My mother in law in the Wisconsin north woods had one installed some years back after the septic failed so she could get by and then she had one installed in her new home when she moved to a spot of property she owns closer to my brother in law. For her it works because she lives alone and watches her usage and it was much less expensive than a full septic. I think it's about 150 dollars to have it emptied so you can do that a lot of times before it gets more expensive than a septic and drain field and less worries about it freezing up in the winter

Share this post


Link to post
Share on other sites
1 hour ago, papadarv said:

Agree with Del. Watch water usage could fill the 1500 gal. tank in a week if you have kids taking showers. Typical pumping cost is $150 to $200 in East Bethel. I did my septic in 2008 for $6,800, but was with someone I have known for 30 years who did all my excavation work. You need to do a Perk test and have enough space at a state defined set-back before you can put a septic in. Could be in the $10k range with a mound system.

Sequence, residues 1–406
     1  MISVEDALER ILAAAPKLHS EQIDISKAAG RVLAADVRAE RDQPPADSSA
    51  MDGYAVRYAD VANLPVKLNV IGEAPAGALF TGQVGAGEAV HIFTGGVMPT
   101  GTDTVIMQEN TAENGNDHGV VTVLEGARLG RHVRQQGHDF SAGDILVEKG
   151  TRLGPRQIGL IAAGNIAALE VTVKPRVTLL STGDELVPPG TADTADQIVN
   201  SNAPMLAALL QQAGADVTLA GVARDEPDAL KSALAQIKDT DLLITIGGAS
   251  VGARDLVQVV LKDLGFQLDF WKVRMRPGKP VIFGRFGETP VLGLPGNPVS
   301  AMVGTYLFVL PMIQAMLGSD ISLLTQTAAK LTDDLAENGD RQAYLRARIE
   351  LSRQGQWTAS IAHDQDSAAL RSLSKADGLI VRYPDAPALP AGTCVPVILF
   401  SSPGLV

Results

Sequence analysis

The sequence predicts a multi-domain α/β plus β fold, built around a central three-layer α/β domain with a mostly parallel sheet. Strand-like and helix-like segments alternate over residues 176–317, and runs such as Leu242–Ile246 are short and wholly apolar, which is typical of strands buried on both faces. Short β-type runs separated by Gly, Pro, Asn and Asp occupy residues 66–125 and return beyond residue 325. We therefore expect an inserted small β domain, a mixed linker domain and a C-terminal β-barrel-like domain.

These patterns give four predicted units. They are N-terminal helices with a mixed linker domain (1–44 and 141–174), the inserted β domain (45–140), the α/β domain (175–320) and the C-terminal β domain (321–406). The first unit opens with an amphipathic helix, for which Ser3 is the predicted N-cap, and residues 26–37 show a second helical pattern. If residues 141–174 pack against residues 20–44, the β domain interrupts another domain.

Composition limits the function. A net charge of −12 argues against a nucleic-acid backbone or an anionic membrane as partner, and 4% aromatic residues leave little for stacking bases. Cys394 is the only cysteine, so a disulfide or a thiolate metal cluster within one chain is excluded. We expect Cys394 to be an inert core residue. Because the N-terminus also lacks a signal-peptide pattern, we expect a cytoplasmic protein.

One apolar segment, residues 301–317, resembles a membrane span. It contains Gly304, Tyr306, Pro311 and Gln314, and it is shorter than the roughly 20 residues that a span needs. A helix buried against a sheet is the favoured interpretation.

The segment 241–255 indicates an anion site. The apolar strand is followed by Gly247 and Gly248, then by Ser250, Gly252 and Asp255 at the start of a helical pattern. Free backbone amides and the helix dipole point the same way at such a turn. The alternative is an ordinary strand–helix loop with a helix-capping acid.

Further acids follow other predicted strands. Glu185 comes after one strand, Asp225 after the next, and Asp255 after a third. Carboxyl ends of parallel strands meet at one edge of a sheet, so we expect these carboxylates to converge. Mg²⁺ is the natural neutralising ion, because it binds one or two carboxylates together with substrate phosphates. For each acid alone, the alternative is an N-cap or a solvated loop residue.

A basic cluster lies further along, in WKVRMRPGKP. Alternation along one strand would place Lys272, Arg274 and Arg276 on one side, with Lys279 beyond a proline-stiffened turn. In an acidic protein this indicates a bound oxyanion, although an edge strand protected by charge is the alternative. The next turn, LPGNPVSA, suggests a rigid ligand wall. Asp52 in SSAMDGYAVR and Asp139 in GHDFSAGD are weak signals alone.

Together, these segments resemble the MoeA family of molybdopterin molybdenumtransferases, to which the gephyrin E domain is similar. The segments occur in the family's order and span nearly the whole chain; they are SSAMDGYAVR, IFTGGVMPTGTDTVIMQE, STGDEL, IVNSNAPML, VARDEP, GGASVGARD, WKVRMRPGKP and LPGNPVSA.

Yes, due to the setbacks and closeness to the lake, they were not able to do a standard system with a drainfield.  The good news is I have really nice lakeacces/shore however this is the drawback.  But since I'm not a millionaire its what we will deal with.  Either way I think I'm buying a cabin....:)  Thanks guys!!!

Share this post


Link to post
Share on other sites

Most weekend cabins dont see constant washing machines and what not.  Heck we take a bath in the lake half the time.  Go easy on the water and you should be fine.  We(a family of 4 for many years, and now a family of 6 adults, a toddler and two infants) empty our tank once a year, sometimes once every 10 months. 

Share this post


Link to post
Share on other sites

Do you know how old the tank is?  About 10 years ago we had a major project in our neighborhood and I think I remember reading that there are rules now (then?) about how old a tank can be before it has to be replaced.  I vaguely recall that 15 years was about it.  Anyone else have any knowledge on this subject?   There are also rules about how the tank is built.  Way back when I think it may have been possible to get one without a bottom.

If you are going to take out a loan the bank is going to want/demand and inspection.  Again I don't know what all that means but I would think it would be somewhat important to know what shape it is in.  I don't know what it could cost to put in a new tank but suspect it could easily hit $2K, and that assumes that current codes would allow one at that building site.